This image illustrates the combination of swells directed at Rivermouth_Wailuku through an average northern hemisphere summer. It is based on 5066 NWW3 model predictions since 2006 (values every 3 hours). The wave model does not forecast wind and surf right at the coastline so we have chosen the best grid node based on what we know about Rivermouth_Wailuku, and at Rivermouth_Wailuku the best grid node is 10 km away (6 miles).
The rose diagram illustrates the distribution of swell directions and swell sizes, while the graph at the bottom shows the same thing but without direction information. Five colours show increasing wave sizes. The smallest swells, less than 0.5m (1.5 feet), high are coloured blue. These occurred only 29% of the time. Green and yellow illustrate increasing swell sizes and red shows largest swells greater than >3m (>10ft). In each graph, the area of any colour is proportional to how frequently that size swell occurs.
The diagram suggests that the most common swell direction, shown by the biggest spokes, was NE, whereas the the most common wind blows from the E. Because the wave model grid is out to sea, sometimes a strong offshore wind blows largest waves away from Rivermouth_Wailuku and offshore. We lump these in with the no surf category of the bar chart. To avoid confusion we don't show these in the rose plot. Because wind determines whether or not waves are clean enough to surf at Rivermouth_Wailuku, you can load a different image that shows only the swells that were forecast to coincide with glassy or offshore wind conditions. In a typical northern hemisphere summer, swells large enough to cause surfable waves at Rivermouth_Wailuku run for about 71% of the time.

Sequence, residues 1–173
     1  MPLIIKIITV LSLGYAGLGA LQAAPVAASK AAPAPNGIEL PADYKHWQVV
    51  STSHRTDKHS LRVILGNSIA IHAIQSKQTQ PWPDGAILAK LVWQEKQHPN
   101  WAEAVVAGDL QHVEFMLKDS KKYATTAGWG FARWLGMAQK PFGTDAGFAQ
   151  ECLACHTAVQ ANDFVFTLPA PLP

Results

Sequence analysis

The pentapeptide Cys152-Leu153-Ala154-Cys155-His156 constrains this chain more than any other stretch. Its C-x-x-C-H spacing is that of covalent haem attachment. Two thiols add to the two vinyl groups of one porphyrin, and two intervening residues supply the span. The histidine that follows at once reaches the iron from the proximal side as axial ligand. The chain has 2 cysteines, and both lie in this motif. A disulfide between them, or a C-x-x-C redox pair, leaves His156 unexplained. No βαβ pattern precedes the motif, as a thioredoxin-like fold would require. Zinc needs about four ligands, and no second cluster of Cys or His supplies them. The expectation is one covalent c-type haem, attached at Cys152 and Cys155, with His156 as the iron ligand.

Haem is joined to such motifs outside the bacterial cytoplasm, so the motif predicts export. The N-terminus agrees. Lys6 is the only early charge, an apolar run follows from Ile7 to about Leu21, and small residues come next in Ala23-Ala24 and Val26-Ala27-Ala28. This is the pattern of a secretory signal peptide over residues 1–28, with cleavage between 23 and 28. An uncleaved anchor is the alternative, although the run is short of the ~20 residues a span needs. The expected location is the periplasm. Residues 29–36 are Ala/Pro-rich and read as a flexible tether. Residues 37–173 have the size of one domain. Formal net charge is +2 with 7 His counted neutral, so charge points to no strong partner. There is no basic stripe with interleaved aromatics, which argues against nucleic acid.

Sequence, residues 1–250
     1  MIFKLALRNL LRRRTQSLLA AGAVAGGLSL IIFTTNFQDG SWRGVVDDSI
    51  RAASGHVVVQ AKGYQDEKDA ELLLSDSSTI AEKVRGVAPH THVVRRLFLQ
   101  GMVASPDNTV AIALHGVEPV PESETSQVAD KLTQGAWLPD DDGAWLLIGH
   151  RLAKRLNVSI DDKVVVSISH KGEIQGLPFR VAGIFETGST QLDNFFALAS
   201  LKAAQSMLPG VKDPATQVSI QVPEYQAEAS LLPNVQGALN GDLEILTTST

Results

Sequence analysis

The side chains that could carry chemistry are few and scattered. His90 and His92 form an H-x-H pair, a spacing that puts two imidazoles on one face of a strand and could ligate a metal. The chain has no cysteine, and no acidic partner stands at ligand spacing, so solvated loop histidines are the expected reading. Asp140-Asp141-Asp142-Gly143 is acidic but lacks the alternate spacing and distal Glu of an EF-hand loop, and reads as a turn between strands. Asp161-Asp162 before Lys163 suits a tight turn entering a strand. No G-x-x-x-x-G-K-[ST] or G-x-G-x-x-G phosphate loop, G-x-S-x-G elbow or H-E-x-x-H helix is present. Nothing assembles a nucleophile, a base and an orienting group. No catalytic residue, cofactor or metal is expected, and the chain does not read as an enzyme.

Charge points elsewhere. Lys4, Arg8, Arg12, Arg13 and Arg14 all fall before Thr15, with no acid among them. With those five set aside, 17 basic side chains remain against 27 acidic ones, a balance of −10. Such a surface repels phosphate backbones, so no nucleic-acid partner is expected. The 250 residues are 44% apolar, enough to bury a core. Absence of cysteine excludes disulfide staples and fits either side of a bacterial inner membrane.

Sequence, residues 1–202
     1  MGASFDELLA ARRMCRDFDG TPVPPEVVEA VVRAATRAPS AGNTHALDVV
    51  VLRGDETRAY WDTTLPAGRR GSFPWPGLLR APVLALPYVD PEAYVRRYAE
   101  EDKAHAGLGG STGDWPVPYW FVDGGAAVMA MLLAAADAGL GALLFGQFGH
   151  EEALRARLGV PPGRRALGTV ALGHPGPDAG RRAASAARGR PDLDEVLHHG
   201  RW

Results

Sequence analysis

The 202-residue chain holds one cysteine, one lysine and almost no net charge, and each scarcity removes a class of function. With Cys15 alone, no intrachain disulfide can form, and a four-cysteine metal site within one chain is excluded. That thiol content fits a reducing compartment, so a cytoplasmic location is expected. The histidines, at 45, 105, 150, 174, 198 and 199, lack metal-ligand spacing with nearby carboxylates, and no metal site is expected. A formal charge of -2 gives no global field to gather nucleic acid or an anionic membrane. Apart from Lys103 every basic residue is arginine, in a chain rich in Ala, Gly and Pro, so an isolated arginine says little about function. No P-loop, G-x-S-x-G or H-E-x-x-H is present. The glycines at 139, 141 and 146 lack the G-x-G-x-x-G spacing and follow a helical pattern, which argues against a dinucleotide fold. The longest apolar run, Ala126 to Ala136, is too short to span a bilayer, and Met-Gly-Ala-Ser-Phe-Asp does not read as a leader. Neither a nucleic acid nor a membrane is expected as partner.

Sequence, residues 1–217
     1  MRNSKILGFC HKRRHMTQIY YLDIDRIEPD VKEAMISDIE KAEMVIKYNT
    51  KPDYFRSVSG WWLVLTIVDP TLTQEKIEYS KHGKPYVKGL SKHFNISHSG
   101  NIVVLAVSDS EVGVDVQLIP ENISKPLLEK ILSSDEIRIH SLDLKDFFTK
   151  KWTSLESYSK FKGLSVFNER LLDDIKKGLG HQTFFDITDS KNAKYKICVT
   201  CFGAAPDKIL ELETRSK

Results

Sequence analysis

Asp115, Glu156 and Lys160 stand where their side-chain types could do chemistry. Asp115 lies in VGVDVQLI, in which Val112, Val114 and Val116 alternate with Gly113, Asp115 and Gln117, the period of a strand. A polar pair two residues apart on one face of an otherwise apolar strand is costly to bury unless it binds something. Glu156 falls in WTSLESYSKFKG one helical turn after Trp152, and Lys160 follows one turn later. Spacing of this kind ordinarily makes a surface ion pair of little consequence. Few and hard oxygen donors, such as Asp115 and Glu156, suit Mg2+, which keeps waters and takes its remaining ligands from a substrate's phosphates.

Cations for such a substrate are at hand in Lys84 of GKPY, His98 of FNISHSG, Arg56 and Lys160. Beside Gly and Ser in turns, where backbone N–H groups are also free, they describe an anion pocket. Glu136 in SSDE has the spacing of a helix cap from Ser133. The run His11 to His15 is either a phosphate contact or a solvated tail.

IMPORTANT: Beta version feature! Swell heights are open water values from NWW3. There is no attempt to model near-shore effects. Coastal wave heights will generally be less, especially if the break does not have unobstructed exposure to the open ocean.